Competitive Pokemon Battling?
Yeah! It's like what you've been doing all Pokemon X and Y -- except with other people.
That sounds boring.
Don't make me pull out the squeaky hammer, kid. Pokemon is serious business. All jokes asides, though, you'd be surprised at the sheer, sprawling complexity of the multiplayer component. Yes, the basic mechanics might be the same but there's enough to the underlining meta to fuel stuff like the Pokemon World Championships.
I know, right?
... the prizes aren't that hot, though.
Hush. Those kids are still more famous than you.
Fine, I'm convinced. Tell me more.
Thought you'd start seeing things my way! Cool. Okay, so there are a lot of reasons propelling this global obsession with Pokemon battling. Part of it is the sheer unpredictability of the experience. Putting aside the existence of popular team builds and community-curated tiers for a moment, let's examine the number of variables at work here. Pokemon X/Y features 718 of the critters. Each team can have up to six Pokemon. Discounting the possibility of repeats and weirdos who might want to play with anything less than a full team, we're talking ... one hundred eighty-six trillion, three hundred forty-five billion, seventy million, seven hundred seventy thousand, eight hundred fifty-nine different possible team combinations. (Thank you, slumpcat. )
And that's before we factor in the fact that each Pokemon can have four Moves each, the presence of HMs and TMs, natures, abilities, items and -- you get what I mean. What's really interesting, however, is before you can even start planning to account for all these probabilities, you're going to have breed for it.
Breed for it?
Well. Not you personally.
You see, Pokemon teams aren't just about excellent theory crafting or mid-combat stratagems. They're about great pedigree. As you already know, Pokemon are restricted to four moves and an ability. No more, no less. In order to have a Gengar of a chance on the battlefield, you're going to want to ensure those five slots are stocked with the best possible options and to do so, you will need to have Pokemon that, well, own said relevant skills. While some of that can be accomplished through the usage of TMs or HMs, the only real way of getting the perfect Pokemon is to have the right parents pass the right stuff to the right kids.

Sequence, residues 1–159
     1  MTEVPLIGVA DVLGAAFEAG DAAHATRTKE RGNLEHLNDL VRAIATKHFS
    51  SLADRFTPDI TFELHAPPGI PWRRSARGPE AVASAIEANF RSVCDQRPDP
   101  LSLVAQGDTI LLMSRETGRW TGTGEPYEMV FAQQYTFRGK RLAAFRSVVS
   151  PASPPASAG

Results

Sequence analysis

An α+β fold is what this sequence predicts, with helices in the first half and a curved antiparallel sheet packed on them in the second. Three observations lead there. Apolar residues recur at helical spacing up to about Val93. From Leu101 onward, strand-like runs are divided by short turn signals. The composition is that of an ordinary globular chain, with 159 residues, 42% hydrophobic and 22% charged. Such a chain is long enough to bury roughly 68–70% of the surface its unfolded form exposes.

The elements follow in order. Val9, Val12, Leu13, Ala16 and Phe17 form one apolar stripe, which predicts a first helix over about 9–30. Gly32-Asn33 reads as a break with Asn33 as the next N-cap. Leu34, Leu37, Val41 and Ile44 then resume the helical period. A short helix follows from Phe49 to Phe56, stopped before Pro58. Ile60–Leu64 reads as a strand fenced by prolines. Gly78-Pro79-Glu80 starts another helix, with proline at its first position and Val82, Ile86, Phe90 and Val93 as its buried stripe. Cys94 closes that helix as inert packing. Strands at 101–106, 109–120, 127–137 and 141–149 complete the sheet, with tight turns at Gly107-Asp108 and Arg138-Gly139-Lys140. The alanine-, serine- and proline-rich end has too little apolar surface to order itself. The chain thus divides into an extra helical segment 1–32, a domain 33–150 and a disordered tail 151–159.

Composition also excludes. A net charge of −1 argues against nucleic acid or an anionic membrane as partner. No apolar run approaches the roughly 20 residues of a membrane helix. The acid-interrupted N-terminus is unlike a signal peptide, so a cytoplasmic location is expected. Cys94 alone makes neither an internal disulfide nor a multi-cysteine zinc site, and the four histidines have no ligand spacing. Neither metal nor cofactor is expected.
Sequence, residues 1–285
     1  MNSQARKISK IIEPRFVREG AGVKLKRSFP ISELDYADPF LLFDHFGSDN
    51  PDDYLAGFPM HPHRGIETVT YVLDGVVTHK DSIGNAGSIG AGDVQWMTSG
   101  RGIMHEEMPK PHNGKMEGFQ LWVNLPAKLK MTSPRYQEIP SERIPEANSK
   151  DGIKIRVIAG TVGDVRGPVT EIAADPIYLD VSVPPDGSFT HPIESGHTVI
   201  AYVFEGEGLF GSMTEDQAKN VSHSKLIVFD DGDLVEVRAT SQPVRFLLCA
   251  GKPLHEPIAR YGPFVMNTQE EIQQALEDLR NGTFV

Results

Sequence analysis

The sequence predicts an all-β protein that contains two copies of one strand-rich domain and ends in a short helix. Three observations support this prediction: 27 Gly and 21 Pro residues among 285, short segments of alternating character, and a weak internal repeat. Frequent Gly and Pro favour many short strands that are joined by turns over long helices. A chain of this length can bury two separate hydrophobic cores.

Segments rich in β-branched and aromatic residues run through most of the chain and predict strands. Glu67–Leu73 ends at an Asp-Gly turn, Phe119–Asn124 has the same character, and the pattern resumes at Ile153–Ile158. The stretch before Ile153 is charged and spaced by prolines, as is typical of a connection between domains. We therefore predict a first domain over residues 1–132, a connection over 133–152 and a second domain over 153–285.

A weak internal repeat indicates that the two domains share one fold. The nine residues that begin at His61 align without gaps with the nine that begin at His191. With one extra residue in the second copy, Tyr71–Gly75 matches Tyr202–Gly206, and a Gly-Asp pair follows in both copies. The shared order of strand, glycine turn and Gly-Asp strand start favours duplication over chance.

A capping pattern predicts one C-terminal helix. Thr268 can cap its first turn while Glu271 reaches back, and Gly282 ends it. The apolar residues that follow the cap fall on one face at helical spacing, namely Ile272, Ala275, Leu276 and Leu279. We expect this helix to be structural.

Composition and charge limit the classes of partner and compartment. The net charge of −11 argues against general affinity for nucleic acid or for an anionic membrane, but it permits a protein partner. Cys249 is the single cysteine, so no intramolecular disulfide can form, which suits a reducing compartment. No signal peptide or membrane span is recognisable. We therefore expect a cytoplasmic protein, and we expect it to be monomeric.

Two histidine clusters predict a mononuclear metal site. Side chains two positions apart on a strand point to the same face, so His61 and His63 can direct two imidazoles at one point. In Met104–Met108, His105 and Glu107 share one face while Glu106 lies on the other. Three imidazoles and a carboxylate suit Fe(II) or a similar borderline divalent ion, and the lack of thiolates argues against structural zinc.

But that's not all. Pokemon eugenics can also give your team the statistical edge with the help of a little something called Individual Values.
Individual Values? Eugenics? Weren't we talking about a kid's game?
Believe it or not, we totally still are. Competitive Pokemon battling really is that crazy.
Moving on, IVs are essentially your Pokemon's genes, random numeric values ranging from 0 to 31 which are assigned to each of your Pokemon's stats upon birth/creation/what-have-you. Having perfect IVs in the relevant statistics is, of course, the goal here. They're what will determine if your Dragon Claw will graze or gut your opponent's Pokemon.
In order to get Pokemon with perfect IVs, you can do one of two things: engage in the Sisyphean job of trying to catch one in the wild or breed your pets in a bid to create champion progeny. On top of being way, way easier to do, the latter route also permits you control over the resulting Pokemon's moveset, ability AND nature.
Like I said earlier: you gotta breed for it.
And that's just the pre-game?
Yeah. It gets better. Now that you know about the kind of effort required to build a team, we can start discussing the actual line-up itself. What separates the Gyaradoses from the Magikarps? Pokemon battling isn't just about having level 100 Pokemon with maxed-out stats and a bad-ass moveset. Okay, it's a little bit about that but it's also about tactical planning. Before you turn that poor Ditto you found on Wonder Trade into an egg factory, take a moment to cogitate on these points: